Even though Samsung said that new Galaxy Note 7 stock would be available “no later” than September 21 for those looking to exchange unsafe Note 7s or seek a replacement, they have yet to say when general sales of the phone will resume. According to Venturebeat, October 21 may be the day. (more…)
New Galaxy Note 7 stock, without the exploding battery feature, will arrive no later than September 21, according to Samsung. Because Samsung attached that “no later than” part to their re-stock announcement last week, there is a good chance that your carrier or retailer of choice already has exchange devices available. And because they do, that also means you might have a new Note 7 to pickup (at least one of our readers picked one up Saturday) and are probably wondering how you can tell if this new Note 7 in your pocket is safe or not. Samsung provided official details on all of that this morning. (more…)
I have to say, Samsung has been completely upfront about this Galaxy Note 7 recall. They don’t appear to be hiding anything, and seem genuinely concerned with the safety of its customers. For that, let’s give them a light golf clap. After all, this is what we as consumers expect from companies, right? (more…)
Yesterday afternoon, Samsung and the CPSC announced new details for the Galaxy Note 7 recall, making it much more official, but also providing an IMEI checker to see if your phone was at risk and a date for when customers can expect new, safe Note 7s. If an IMEI checker sounds like a pain, you should also know that in new Note 7s, Samsung will change the battery indicator to green to let you know that it is from the new batch, according to ZDNet. (more…)
As Galaxy Note 7 devices began to explode on customers a couple of weeks back, Samsung attempted to get out in front of the problem before it became a huge problem by issuing a voluntary recall and exchange program. But as the number of reports of exploding phones began to pick up, agencies like the FAA issued warnings for use during flights and the Consumer Product Safety Commission (CPSC) considered getting involved. Today, the CPSC is officially involved and working with Samsung on the recall. We also now know when Samsung plans to have the phone back on shelves. (more…)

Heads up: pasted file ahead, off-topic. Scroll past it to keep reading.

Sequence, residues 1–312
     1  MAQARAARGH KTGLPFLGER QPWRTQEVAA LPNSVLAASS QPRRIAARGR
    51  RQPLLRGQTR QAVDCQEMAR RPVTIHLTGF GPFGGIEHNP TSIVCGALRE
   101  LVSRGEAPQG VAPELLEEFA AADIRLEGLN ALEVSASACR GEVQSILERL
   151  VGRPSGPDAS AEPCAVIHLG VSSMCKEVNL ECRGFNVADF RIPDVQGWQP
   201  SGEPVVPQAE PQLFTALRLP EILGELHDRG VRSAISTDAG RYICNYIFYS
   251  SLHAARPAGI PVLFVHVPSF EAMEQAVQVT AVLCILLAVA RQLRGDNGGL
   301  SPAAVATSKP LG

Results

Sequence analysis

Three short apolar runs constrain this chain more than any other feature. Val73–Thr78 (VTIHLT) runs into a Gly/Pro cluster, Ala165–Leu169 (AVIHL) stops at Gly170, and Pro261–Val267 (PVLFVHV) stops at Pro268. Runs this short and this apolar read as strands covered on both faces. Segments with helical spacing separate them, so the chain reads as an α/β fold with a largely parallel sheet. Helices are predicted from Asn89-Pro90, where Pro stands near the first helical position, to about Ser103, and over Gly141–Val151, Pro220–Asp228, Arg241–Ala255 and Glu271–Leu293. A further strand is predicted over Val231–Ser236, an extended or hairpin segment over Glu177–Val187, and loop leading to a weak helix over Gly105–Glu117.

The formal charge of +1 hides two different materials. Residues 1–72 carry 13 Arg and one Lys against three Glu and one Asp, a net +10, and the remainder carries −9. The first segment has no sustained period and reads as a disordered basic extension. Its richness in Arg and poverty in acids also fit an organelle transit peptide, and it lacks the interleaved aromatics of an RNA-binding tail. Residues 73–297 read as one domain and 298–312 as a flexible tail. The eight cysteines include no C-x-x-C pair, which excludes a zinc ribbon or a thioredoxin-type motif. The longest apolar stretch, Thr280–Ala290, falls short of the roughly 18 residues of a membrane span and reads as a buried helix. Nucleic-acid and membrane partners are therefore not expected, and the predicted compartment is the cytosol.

Late last week, we checked out the latest offerings from Carved for the Galaxy Note 7. Considering I don’t typically rock a case for my phone, it’s about time we get these things off of my desk and onto your device.
For this giveaway, we have three cases for you to choose from. We have the Grand Teton Inlay, Pack Print (the wolves), and Random Puzzle. Each features real wood backing with black rubber wrapping. As far as cases go, these options fit very well on the Galaxy Note 7. Typically, the cases cost about $40, but this week, you can win one for absolutely free.
Let’s do this. (more…)
If you didn’t already know, there’s a recall taking place on all Galaxy Note 7 devices from Samsung. From what I’ve personally experienced, T-Mobile is having troubles issuing replacement Note 7 devices, as Samsung has yet to send them out to stores. While Samsung appears to be doing great by facing this recall issue head on and putting customer safety first, the fact that there are no phones to replace possibly dangerous ones is somewhat alarming.
If you have taken your Galaxy Note 7 device into a carrier store or retail shop where you originally purchased, it’s likely you have been given a temporary loaner device until new Galaxy Note 7 phones are available. This is great, don’t get me wrong, but I don’t want another phone – I want a Galaxy Note 7, the phone I paid for. However, using a phone with no potential of exploding during use is better than no phone at all.
In your opinion, how has Samsung handled this recall process? Even if you don’t own a Galaxy Note 7, your opinion of Samsung’s actions is still important, so please vote.
Share your opinion below.
According to Yonhap News, Samsung is still figuring out new ways to do all it can to prevent Galaxy Note 7 devices from exploding as its global recall and replacement program continues. The next step may be to issue an over-the-air (OTA) update that limits battery charging of the phone to just 60% in an attempt to keep phones from overheating and then catching fire. (more…)